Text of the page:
It's only when you've made it to the top of The Royal Mile that Edinburgh 's billing as 'the Athens of the north' comes into sharp focus. The skyline is an impressive architectural hotchpotch of slender church spires and handsome Georgian facades, which once prompted the author JB Priestley to proclaim that he 'never imagined that any city in these islands could be at once so beautiful and fantastic'.
Perched on the side of an extinct volcano Edinburgh Castle is the city's architectural centerpiece and well worth a visit. The castle has had more than its fair share of historical ups and downs and today provides some welcome rest bite form the bustle of city centre life. If you've got the energy you can get a bird's eye view of the city (and the rest of Holyrood Park ) by climbing the 251 meters to the summit of nearby Arthur's seat.
Of course Edinburgh owes a debt of gratitude to the architects who have dressed the city so well, but there's much more to city break in Scotland 's capital than bricks and mortar. Edinburgh has enough museums and galleries to satiate the most culturally ravenous. In fact, entire days could be lost gazing at the world-class collection of antiquities in the Royal Museum of Scotland or the works hanging in the National Gallery of Scotland (which traces the history of art from the Renaissance to close of the 19 th century, with notable paintings by Vermeer, Rembrandt and Turner). More contemporary appetites are catered for in the National Gallery of Modern Art .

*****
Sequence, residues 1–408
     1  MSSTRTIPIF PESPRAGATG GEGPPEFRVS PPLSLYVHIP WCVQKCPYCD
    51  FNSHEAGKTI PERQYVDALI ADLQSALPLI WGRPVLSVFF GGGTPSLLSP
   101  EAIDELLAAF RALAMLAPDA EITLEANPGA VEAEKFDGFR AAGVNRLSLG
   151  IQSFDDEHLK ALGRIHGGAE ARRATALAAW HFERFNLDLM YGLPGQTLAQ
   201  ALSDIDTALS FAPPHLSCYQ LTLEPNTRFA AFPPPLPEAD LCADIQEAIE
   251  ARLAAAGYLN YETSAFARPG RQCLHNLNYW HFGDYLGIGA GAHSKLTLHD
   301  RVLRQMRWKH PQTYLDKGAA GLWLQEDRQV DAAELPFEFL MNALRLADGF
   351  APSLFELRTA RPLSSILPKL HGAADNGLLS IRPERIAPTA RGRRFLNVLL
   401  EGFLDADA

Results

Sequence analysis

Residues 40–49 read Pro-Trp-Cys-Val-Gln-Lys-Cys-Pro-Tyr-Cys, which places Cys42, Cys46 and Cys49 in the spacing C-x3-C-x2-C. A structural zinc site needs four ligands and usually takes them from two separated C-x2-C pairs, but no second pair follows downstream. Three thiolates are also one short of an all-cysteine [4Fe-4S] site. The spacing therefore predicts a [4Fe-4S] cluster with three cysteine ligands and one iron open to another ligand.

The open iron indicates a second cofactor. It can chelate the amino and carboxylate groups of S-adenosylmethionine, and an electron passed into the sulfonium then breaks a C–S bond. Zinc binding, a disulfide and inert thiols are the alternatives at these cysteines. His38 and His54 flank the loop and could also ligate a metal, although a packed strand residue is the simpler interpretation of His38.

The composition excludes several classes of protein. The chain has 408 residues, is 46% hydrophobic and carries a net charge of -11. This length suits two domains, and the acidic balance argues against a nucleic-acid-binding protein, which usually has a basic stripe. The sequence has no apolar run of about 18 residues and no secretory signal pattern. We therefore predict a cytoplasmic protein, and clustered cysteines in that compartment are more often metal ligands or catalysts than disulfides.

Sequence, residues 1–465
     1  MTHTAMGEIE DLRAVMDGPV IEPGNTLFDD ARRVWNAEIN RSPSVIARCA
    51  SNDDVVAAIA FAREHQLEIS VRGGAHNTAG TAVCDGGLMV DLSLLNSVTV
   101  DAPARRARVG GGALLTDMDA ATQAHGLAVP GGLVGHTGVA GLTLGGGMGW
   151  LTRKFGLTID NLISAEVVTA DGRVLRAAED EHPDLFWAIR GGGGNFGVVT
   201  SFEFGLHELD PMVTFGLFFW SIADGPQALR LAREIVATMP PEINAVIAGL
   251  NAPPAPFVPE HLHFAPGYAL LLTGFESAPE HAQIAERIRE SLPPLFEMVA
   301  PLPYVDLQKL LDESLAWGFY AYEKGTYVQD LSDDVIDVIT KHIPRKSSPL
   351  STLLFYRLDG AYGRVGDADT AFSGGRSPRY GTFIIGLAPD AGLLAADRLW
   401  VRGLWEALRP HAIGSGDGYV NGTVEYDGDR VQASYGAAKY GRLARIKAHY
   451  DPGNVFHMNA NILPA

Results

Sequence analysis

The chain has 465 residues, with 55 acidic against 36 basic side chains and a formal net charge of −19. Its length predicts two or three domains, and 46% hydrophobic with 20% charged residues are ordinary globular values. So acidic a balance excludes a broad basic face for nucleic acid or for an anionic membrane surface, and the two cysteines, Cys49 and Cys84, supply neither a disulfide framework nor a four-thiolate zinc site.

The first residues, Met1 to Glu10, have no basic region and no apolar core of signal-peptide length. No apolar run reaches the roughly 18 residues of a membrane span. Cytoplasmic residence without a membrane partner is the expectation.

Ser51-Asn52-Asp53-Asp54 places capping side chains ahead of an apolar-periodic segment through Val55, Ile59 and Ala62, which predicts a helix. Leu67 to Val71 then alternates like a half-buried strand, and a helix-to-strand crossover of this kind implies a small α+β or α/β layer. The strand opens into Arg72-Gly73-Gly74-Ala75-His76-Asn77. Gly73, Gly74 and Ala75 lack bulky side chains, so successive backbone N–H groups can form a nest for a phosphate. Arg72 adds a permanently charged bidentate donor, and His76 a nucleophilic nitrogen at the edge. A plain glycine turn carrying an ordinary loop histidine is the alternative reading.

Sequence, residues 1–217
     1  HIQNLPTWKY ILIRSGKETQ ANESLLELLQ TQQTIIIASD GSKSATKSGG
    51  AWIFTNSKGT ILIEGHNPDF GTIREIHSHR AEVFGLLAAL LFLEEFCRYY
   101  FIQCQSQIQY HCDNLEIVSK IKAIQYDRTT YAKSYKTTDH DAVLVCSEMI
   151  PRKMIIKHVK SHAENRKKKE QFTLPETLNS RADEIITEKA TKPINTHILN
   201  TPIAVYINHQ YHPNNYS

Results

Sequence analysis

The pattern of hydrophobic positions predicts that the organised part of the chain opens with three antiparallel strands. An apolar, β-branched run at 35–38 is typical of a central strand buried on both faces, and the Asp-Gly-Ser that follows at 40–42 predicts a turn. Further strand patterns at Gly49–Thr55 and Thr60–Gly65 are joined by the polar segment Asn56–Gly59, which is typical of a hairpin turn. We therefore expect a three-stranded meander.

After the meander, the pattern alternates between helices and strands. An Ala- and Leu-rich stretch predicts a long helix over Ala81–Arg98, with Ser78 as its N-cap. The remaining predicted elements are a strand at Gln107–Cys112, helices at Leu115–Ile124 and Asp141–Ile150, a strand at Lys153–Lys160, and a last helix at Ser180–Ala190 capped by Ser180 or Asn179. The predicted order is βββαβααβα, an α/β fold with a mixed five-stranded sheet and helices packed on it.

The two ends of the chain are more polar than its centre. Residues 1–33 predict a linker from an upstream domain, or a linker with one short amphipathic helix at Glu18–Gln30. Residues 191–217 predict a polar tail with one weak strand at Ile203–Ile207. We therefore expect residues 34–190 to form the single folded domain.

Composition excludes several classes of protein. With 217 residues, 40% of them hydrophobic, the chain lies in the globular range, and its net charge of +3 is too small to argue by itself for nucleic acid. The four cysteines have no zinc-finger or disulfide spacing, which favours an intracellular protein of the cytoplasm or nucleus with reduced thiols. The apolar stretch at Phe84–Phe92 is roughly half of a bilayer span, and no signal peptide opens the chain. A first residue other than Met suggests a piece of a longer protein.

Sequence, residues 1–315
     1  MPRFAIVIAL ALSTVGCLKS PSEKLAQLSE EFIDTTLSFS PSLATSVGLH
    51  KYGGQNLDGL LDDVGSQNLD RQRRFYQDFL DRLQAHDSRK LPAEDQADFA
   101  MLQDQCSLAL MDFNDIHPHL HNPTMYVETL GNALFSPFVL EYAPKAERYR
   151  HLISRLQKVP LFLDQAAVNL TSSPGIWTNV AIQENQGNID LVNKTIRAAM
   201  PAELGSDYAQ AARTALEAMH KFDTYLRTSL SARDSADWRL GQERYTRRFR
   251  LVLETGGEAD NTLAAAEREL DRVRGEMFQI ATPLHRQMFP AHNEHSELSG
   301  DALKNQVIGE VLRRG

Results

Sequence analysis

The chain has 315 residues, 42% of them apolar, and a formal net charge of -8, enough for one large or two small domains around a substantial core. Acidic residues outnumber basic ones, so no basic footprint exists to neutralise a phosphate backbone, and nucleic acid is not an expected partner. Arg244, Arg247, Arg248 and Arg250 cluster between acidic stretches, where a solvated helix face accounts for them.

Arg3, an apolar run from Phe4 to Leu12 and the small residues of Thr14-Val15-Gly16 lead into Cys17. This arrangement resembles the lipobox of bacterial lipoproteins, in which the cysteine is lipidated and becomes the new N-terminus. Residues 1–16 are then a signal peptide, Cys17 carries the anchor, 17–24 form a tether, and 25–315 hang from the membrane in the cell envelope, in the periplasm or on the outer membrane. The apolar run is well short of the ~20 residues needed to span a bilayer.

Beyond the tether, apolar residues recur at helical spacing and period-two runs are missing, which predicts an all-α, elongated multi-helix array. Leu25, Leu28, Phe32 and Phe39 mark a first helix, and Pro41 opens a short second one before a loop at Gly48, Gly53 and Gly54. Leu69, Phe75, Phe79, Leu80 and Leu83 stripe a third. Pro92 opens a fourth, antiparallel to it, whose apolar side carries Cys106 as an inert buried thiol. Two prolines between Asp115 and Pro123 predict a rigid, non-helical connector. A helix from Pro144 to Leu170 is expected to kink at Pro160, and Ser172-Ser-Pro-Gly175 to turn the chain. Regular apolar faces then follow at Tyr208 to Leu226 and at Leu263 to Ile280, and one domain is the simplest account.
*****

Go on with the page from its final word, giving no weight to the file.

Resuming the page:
No city break in Edinburgh is complete without spending a night on the cobbles. At the end of the day the Royal Mile drops any regal aspirations as the pubs and bars that line the city's nocturnal aorta begin to wake up. Edinburgh 's fabled nightlife has already established the city as a firm favourite with stags and hens and the relaxed licensing laws mean that nights will be anything but early.